When considering filing for bankruptcy, it is important to understand what will happen to your shared property.
The type of bankruptcy being filed will determine how your shared property is handled. In a Chapter 13 filing, your assets like a house or car are protected and payments towards those loans are included in your repayment plan. Most commonly, property is affected by a Chapter 7 filing, wherein assets are liquidated to pay towards the debt.
After filing for Chapter 7 bankruptcy, a trustee will be appointed to sell off any non-exempt assets. The proceeds from the sale of assets will then be used to pay off some or all of the debt. In Arizona, real estate owned by two parties (most often spouses) will be affected if any one of the parties files a Chapter 7 petition. Because Arizona is a community property state, any assets acquired during marriage are equally shared between the spouses, even if the assets are only listed under one spouse’s name. Therefore, these shared assets will be affected by either spouse filing for bankruptcy under Chapter 7.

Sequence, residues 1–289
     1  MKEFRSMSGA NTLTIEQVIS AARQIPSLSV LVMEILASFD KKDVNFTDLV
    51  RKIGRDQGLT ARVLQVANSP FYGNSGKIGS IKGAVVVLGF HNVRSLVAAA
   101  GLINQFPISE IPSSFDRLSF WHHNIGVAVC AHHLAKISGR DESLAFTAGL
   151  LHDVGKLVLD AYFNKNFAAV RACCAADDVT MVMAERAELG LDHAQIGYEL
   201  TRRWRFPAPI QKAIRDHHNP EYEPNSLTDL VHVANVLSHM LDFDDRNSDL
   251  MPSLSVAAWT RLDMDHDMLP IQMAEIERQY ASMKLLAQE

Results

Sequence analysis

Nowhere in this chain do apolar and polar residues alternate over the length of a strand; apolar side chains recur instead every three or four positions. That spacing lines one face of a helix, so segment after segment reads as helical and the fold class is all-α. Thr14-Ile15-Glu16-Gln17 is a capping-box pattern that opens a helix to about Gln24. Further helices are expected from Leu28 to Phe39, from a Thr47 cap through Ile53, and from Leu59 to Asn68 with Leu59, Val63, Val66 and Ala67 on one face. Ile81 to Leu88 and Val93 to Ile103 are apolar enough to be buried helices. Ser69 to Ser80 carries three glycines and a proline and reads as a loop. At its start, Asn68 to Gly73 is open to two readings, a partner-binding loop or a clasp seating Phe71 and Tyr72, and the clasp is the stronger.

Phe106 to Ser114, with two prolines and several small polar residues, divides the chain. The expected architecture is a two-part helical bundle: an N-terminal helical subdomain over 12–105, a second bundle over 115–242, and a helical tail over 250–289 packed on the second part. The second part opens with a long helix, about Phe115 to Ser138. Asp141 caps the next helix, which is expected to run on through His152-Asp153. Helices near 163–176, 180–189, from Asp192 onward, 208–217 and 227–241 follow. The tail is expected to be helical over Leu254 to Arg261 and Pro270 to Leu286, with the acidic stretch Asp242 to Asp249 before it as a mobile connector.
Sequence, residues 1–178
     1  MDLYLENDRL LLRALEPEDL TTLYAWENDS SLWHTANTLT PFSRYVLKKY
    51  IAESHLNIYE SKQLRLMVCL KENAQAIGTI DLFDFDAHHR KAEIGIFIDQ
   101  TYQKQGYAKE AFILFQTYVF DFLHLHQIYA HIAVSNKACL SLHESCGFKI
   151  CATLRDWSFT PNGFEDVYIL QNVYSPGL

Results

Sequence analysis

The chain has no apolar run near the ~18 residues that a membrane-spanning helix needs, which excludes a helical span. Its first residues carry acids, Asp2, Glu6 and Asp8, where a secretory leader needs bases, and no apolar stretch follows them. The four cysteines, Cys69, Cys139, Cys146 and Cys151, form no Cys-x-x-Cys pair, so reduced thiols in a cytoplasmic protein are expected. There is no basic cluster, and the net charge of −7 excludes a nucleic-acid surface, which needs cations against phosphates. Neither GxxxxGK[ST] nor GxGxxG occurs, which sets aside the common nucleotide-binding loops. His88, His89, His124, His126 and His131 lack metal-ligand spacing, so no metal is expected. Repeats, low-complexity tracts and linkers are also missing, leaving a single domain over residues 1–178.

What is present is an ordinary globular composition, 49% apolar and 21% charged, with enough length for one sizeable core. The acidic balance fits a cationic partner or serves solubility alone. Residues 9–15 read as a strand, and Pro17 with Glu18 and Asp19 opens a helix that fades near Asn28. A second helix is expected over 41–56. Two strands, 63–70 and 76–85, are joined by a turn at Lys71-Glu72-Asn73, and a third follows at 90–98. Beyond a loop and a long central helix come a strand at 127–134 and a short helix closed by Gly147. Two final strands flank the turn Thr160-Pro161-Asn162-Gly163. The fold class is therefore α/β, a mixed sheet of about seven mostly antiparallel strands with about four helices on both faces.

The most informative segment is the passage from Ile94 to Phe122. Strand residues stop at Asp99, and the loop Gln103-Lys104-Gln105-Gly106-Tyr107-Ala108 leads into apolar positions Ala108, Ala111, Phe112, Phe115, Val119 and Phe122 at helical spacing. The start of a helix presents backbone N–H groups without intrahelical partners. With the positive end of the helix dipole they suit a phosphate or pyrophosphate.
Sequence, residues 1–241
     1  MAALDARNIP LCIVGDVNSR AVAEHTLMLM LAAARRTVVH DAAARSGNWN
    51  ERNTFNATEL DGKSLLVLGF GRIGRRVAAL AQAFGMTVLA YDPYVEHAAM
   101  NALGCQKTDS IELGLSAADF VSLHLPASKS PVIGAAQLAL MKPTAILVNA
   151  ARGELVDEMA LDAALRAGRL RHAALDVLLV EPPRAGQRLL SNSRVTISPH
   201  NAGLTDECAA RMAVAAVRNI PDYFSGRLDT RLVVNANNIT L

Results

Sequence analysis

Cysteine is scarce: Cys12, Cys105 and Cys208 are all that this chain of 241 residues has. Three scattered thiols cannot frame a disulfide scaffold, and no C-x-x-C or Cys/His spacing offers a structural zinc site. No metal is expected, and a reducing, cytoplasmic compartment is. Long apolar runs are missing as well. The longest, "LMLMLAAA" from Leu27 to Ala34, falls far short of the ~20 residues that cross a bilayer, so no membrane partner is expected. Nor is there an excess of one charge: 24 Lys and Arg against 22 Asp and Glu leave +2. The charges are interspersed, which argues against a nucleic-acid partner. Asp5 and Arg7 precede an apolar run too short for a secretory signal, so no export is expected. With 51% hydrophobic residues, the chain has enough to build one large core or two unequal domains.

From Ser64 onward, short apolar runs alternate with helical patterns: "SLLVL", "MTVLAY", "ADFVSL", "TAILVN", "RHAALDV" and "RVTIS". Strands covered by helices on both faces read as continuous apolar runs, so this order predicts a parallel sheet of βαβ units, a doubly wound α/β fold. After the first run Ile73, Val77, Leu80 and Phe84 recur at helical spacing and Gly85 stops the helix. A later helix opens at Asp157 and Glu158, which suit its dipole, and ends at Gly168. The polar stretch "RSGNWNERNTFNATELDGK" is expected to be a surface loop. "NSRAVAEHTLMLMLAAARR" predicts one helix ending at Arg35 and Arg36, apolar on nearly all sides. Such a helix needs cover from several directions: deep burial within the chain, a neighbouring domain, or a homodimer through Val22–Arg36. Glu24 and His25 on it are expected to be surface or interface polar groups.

However, there is an exemption in Arizona that may protect your house. The homestead exemption can protect up to $150,000 of home equity in a Chapter 7 filing and, in most cases, this is enough to protect the filing party’s share in a house. If this exemption is not enough to protect the property, the trustee will proceed with the sale of the share of the property owned by the debtor. The secondary owner will be provided an opportunity to buy the debtor’s share of the property. If declined, the whole property will be sold, with profits being shared between the second owner and the trustee to be paid towards the debt.
Regardless of the relationship between owners of a property, a Chapter 7 bankruptcy filing will inevitably affect all parties involved. To help determine which type of bankruptcy filing may be best for you and your property, it is important to speak to and retain an accomplished bankruptcy attorney.